Machinery Lubrication

Machinery Lubrication May-June 2017

Machinery Lubrication magazine published by Noria Corporation

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Page 52 of 76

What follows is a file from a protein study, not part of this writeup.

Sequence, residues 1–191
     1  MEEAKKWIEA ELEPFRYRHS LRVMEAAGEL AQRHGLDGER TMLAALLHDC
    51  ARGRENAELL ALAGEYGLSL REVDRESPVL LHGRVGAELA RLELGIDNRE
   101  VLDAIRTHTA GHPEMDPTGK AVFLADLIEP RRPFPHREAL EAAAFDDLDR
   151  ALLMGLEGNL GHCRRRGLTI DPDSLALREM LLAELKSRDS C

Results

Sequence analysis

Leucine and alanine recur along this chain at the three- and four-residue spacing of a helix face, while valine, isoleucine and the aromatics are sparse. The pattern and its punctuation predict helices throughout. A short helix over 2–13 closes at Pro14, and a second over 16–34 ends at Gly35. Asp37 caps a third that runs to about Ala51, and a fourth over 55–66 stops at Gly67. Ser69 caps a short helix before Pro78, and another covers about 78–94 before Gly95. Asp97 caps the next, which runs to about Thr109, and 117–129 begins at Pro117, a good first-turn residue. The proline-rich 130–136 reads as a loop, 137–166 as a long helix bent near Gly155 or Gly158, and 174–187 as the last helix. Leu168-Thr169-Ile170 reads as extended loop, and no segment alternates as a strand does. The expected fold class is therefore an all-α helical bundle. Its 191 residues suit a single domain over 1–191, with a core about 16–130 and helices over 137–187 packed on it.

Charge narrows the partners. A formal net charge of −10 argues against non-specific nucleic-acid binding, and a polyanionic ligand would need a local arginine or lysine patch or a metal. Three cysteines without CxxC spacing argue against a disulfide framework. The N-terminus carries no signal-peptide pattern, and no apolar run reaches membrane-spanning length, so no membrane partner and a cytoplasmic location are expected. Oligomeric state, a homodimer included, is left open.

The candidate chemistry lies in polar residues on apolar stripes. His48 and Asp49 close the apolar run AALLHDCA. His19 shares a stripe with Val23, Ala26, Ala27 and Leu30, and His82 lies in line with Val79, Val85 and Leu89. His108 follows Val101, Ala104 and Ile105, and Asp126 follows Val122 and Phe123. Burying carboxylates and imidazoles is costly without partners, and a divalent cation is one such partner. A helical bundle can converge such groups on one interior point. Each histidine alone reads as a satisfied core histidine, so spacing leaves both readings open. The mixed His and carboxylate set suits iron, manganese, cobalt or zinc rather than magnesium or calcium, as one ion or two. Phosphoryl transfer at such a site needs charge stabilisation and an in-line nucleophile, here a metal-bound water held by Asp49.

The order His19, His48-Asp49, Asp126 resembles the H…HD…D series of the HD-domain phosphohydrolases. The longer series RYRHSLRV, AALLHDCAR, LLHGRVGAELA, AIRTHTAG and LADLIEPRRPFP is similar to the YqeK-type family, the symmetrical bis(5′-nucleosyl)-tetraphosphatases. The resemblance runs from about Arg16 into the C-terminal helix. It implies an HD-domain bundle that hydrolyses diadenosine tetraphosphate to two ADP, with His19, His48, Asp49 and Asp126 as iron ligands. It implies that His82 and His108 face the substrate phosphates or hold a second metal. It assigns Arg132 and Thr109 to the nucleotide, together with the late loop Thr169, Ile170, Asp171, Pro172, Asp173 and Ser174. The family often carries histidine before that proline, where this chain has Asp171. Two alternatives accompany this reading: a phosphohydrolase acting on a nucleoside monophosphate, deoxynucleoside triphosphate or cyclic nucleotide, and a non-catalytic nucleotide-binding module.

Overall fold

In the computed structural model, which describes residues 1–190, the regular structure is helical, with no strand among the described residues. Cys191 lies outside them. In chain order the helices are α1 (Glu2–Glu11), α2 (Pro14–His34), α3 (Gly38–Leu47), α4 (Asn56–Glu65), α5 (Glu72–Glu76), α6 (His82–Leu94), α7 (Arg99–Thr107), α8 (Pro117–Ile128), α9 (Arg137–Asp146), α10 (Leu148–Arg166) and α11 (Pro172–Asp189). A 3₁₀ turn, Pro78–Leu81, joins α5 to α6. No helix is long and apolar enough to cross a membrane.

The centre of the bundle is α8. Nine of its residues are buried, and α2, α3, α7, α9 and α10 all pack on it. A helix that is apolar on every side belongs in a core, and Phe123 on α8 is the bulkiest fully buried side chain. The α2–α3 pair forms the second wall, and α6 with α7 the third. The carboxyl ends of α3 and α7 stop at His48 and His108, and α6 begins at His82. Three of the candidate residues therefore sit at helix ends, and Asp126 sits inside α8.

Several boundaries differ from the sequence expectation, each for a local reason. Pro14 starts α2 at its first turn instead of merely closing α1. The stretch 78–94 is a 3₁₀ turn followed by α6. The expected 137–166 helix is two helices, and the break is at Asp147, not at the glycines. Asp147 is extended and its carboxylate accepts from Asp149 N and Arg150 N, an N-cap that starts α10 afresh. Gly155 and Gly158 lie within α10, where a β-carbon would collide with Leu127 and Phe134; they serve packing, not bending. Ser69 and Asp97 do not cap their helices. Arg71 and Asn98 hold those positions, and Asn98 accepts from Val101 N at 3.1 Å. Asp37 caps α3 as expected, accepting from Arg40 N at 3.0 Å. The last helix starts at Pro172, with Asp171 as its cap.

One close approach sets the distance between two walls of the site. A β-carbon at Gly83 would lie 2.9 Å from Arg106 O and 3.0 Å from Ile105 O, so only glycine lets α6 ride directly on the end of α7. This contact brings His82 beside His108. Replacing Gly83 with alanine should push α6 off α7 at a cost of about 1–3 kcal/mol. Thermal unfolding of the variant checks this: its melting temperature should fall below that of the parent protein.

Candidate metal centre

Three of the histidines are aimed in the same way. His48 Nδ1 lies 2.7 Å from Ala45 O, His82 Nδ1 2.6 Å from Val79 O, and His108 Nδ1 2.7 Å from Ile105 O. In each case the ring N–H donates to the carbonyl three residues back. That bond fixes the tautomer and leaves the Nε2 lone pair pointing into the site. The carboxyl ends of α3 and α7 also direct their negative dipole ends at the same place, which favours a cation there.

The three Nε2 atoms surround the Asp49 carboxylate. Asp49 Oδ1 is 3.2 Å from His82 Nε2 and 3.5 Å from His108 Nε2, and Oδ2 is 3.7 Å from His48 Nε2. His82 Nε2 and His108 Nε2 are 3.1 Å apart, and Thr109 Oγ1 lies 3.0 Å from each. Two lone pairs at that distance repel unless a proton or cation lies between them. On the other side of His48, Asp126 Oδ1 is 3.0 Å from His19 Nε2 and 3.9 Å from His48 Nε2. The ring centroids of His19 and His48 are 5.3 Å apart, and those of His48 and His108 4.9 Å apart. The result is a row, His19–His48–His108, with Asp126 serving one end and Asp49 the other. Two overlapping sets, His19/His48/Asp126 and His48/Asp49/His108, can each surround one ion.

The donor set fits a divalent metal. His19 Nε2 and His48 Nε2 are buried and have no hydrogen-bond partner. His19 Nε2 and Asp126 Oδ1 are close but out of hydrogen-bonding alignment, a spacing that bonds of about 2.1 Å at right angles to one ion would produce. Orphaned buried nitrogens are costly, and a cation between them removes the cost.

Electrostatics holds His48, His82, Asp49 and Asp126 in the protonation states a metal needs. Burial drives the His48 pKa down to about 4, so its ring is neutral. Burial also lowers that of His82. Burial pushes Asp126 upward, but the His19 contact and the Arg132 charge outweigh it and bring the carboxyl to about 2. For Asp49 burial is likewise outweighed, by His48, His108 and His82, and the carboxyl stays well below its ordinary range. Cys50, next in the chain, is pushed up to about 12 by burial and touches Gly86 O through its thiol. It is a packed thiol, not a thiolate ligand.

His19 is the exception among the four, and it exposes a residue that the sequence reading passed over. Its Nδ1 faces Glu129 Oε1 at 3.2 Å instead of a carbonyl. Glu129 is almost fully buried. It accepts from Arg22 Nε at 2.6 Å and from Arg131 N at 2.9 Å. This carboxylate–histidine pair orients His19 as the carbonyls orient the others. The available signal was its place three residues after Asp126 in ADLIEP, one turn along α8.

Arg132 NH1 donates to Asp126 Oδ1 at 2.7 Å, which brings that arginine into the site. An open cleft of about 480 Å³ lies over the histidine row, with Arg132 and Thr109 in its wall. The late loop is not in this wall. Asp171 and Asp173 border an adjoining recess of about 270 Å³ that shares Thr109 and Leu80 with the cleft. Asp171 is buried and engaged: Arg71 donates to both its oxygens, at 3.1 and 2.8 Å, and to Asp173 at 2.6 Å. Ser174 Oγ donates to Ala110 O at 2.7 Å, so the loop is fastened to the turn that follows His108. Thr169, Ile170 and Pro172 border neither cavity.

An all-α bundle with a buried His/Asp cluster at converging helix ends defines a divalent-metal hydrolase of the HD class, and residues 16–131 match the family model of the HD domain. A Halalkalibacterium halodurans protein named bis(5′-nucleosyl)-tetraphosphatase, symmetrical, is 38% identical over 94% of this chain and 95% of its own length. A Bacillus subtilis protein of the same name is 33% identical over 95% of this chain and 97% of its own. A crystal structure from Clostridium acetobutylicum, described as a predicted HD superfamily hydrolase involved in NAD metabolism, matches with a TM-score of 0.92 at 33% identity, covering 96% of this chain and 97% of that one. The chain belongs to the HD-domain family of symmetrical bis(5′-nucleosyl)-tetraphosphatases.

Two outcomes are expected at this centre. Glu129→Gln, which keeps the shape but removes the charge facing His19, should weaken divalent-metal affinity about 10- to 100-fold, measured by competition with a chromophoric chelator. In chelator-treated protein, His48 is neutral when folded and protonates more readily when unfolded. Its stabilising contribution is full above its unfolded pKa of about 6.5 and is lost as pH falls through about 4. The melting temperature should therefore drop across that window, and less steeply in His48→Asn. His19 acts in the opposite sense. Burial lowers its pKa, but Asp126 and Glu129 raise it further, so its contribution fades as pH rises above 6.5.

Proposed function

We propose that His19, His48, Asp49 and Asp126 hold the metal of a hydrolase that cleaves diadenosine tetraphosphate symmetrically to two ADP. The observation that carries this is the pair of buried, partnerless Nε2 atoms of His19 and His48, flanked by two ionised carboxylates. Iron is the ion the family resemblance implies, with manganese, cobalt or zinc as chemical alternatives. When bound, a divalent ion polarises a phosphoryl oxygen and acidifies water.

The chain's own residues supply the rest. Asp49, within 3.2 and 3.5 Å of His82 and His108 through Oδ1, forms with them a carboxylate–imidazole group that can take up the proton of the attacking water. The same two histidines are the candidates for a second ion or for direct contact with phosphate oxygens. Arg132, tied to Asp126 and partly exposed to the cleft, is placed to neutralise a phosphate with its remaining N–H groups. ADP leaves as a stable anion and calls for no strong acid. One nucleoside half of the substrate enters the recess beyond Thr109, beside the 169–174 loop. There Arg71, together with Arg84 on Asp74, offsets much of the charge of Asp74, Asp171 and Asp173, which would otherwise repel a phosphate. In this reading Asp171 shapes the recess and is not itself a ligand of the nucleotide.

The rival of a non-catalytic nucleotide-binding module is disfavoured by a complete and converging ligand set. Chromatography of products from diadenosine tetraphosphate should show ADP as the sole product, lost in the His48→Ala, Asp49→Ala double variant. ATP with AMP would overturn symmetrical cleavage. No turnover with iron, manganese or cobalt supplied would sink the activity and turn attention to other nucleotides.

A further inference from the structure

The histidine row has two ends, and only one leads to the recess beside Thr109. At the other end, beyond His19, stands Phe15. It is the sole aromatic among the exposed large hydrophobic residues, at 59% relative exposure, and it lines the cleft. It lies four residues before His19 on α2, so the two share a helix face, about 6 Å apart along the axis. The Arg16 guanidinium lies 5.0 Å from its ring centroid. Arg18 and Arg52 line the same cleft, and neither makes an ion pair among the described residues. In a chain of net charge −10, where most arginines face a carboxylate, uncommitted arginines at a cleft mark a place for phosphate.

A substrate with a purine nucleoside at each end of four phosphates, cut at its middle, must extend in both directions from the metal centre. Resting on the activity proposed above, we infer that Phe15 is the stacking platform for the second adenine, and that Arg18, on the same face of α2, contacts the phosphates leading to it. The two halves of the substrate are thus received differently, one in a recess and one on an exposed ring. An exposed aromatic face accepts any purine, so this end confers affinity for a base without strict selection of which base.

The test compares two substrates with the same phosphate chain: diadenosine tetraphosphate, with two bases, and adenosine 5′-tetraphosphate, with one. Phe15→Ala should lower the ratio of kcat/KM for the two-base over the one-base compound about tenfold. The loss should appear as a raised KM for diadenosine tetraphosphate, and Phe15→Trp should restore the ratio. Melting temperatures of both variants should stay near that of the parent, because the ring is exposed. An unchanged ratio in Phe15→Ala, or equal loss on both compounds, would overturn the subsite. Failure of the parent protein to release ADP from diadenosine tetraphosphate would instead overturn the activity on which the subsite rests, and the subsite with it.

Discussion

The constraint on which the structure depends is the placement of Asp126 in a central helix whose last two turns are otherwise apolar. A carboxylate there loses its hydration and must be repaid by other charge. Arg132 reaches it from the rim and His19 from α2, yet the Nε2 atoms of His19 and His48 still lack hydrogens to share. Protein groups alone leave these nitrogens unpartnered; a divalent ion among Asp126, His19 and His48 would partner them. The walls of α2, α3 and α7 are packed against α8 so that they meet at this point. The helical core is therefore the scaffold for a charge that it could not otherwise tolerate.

erriam-Webster defines a contaminant as "something that makes a place or substance (such as water, air or food) no longer suit - able for use; something that contaminates a place or substance." Effective lubrication programs are centered on contamination control. However, one contaminant is often overlooked, and it has the potential to be the most destructive and costly of all contaminants, possibly costlier than all other contaminants combined. What is this critical contaminant? Believe it or not, it is your lubrication technicians and program managers. They are potentially your most expensive and damaging contaminant, and what can make them so destructive is a lack of training. Who, What, When, Where, Why and How In the development of a contamination control strategy for this unknown contami- nant, you must seek to answer who, what, when, where, why and how. "Where" is your plant, "when" is always, and "what" is the contaminant. "Who" is everyone involved in the lubrication program, such as techni- cians, managers, purchasing, shipping/ receiving, maintenance, operations/ production, etc. In the Navy, I learned that people don't do things for two basic reasons, which can be summed up as "can't" or "won't." The "won't" is usually easy to diagnose. It is a refusal to do what's asked and is quite simple to address. The "can't" is also easy to diagnose. The individual either doesn't have clear direction as to what the job is or doesn't have the proper tools or training. Often, this simply requires communication. Therefore, take the time to explain each task, outlining what the expectations are and what completion is. In this communication, you can identify what tools are needed and if you have the tools to complete the task. You must also determine if the person has the necessary skills and knowledge for the task. It's possible to provide the required knowledge so the individual is ready to perform the task in relatively short order, but the necessary skills can be a bit more problematic. A job/skills mismatch may exist, and the individual may never be able to complete the task satisfactorily. "Why" is a bit more complex, as is the "how." Numerous organizations invest in training for their team, sending personnel to public training courses, hosting private training events and undergoing certification testing afterward. While these methods are an excellent way to explain the "what" of lubrication, your program is destined to fail if all parties involved do not understand the M TRAINING Strategies to CONTAMINATION 48 | May - June 2017 | Control C o n t a m i n a t i o n C o n t r o l PERSPECTIVE L oren Green | Nori a Corpor at ioN " " Even if you have invested large amounts of resources in your program, you may still need to invest in training for your team members in order for them to execute your procedures properly.

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